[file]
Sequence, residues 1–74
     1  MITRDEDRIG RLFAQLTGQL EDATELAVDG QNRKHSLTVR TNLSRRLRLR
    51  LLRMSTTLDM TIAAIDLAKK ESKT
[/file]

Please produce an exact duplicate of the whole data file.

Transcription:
Sequence, residues 1–74
     1  MITRDEDRIG RLFAQLTGQL EDATELAVDG QNRKHSLTVR TNLSRRLRLR
    51  LLRMSTTLDM TIAAIDLAKK ESKT